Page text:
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Internet keeps Yugoslavs connected to global village

BIELEFELD, Germany (Reuter) - A colorful mix of human rights activists, avant-garde artists and computer hackers is ensuring that besieged Sarajevo stays connected to the global village -- through Internet.

The connection does more than simply bypass the Serb blockade of the Bosnian capital. It also links the six former Yugoslav republics and bridges ethnic hatreds that have plunged the region into more than three years of war.
Set up just over two years ago in a dimly-lit basement in the north German city of Bielefeld, ``ZaMir'' -- Serbo-Croat for ``towards peace'' -- is a computerized collection point and forwards messages to and from former Yugoslavia.
Two Bielefeld artists, Rena Tangens and her partner who calls himself Padeluun, tend 2.6 gigabytes of computer mailbox power that provides a gateway to the war zone where rebel Serbs are pitted against Croats and Bosnian Muslims. Tangens says 500 to 1,000 users are now regularly connected via nodes in Sarajevo, Zagreb, Skopje, Belgrade, Ljubljana and Pristina to the worldwide web of computer users and the network is expanding rapidly.
The electronic messages they trade are blind to the bullets and ethnic divides that have seen Sarajevo pass its 1,000th day of siege and caused thousands to die in the name of ``ethnic cleansing.''
Muslims E-mail Croats, Serbs contact Macedonians, Slovenians chat to ethnic Albanians in Serbia's Kosovo region -- computers do not recognize nationalities or faith, just users. ``On a computer, you can discuss anything without ever getting physical,'' says Tangens. ``It sounds crazy to send a message from Serbia to Bielefeld in order to contact someone in Croatia,'' she concedes. But with neighbors once less than an hour's drive apart now divided by battle lines and severed telephone cables, it is for many the only way to communicate. Mail is no alternative. In Bosnia the postal service has broken down, between Serbia and Croatia it is extinct.
``What we have created is the most reliable communication link with and within the former Yugoslavia,'' Tangens says.
Through ZaMir, Bosnian refugees in San Francisco have E-mailed contacts back home and traced lost relatives. One computer may serve a whole street in a Yugoslav town. Some American entrepreneurs once sent a query asking whether raspberries were still being planted in former Yugoslavia because they wanted to get back into business. And a Sarajevan who pleaded, ``Please send Doom (a computer game),'' was bombarded with software from around the world.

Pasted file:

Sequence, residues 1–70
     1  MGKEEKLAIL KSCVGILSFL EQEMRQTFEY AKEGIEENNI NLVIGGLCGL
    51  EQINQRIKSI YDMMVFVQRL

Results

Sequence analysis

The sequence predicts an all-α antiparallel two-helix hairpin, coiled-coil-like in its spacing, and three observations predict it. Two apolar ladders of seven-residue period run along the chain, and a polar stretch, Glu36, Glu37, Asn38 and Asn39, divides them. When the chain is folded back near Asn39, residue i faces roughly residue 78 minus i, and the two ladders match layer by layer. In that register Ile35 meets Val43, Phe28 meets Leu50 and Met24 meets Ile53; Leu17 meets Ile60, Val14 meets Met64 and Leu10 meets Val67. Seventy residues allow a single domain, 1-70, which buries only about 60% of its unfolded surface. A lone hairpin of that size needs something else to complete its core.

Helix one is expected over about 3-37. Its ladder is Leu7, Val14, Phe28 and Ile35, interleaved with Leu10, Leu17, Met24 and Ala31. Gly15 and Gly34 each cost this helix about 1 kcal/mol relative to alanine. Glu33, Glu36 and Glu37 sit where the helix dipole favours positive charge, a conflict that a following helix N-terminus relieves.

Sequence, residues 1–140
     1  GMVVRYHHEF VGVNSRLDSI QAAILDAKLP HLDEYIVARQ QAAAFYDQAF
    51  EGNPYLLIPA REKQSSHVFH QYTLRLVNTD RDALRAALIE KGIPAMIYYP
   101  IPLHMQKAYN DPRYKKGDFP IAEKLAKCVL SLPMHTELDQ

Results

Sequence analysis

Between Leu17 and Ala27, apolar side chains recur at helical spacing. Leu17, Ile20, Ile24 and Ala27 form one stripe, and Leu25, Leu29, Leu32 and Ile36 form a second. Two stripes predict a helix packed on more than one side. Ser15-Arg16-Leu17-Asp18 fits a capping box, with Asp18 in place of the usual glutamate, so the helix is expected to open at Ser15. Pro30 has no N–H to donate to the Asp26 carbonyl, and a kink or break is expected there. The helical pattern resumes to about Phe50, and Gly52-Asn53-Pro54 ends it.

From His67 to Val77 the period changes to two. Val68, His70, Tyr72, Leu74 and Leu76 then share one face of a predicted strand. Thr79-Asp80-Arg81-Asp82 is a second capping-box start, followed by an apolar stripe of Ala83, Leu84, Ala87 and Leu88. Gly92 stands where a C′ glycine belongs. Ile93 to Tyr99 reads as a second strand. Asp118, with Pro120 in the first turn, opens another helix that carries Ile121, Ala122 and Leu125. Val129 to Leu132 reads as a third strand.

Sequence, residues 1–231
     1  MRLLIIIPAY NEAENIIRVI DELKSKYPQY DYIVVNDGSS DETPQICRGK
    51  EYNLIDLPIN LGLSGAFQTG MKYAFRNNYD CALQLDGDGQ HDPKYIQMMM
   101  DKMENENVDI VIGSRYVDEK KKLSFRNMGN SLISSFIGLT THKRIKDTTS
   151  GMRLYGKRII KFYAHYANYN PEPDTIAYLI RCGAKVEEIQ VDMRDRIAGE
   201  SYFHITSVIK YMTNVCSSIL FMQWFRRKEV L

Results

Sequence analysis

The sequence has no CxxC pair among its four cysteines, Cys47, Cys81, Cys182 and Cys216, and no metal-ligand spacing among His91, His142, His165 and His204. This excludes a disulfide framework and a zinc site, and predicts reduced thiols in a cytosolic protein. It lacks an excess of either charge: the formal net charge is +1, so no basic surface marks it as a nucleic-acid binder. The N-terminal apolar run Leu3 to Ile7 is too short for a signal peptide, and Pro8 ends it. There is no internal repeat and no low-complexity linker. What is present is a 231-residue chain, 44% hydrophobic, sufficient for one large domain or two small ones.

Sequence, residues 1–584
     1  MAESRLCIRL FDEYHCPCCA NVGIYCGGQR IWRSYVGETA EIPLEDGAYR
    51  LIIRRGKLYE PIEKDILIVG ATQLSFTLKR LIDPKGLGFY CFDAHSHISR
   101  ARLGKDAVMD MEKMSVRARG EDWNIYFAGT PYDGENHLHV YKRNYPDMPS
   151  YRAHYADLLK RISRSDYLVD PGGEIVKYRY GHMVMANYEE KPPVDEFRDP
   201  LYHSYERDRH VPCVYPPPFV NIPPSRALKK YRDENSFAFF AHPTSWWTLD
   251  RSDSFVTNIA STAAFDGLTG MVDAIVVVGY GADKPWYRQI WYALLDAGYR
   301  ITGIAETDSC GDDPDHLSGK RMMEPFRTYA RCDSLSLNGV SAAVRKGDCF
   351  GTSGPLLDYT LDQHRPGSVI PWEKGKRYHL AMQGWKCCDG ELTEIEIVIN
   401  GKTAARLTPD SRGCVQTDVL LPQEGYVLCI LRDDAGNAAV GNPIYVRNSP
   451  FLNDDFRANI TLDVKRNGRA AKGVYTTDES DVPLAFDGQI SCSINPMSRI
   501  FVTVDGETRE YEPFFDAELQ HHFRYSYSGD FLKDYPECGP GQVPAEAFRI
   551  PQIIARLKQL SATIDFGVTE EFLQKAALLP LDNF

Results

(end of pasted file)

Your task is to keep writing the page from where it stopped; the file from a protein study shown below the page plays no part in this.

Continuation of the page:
For the originators of ZaMir however the network has a more long-reaching significance. Eric Bachman, a U.S. human rights activist who helped Tangens and Padeluun set up the Bielefeld connection and who has spent the past two years in former Yugoslavia building up that side of the operation, argues that only the Internet, uncensored and uncontrollable, can trade unadulterated information. ``The media (in former Yugoslavia) were used to turn people against each other,'' Bachman told Germany's Die Zeit newspaper. ``We are building up a medium that brings people together.'' Aid organizations, especially in besieged Sarajevo where the ZaMir node runs off its own generator to circumvent regular electricity cuts, are also flocking to the network to organize supply convoys and trade information. For users in the republics contacting Indonesia, Sweden or anywhere else in the world costs no more than the price of a local telephone call to the nearest node, which stores the message until it is collected by the Bielefeld nerve-center.
The several-thousand-dollar monthly bill that Bielefeld clocks up dialing the nodes automatically every hour is picked up by the London-based Soros Foundation, set up by Hungarian-born billionaire philanthropist George Soros.
ZaMir is a window onto the minds and lives of the Balkans. Public and personal messages travel the globe on the Internet superhighway, winding from mailbox to mailbox and computer to computer in what Clancy Sigal, an American writer, called ``CyberBosnia'' in a recent New York Times article. One such message is a diary by Dutchman Wam Kat, another ZaMir pioneer who is now an aid worker in Zagreb. Kat noticed on New Year's Eve that the mood had distinctly changed after the Bosnian Serbs and Muslims signed a fragile four-month cease-fire on Dec. 31. It seemed, he wrote, that 1995 might be greeted with less gunfire and ``more of the old stuff - fireworks!.'' But reflecting the skepticism of seasoned Balkan watchers who have seen cease-fires come and go, Kat added: ``Mind you, there is a lot of mist about and we probably just couldn't see the tracers in the sky.''

© WWW-Administration, 08 Mar 06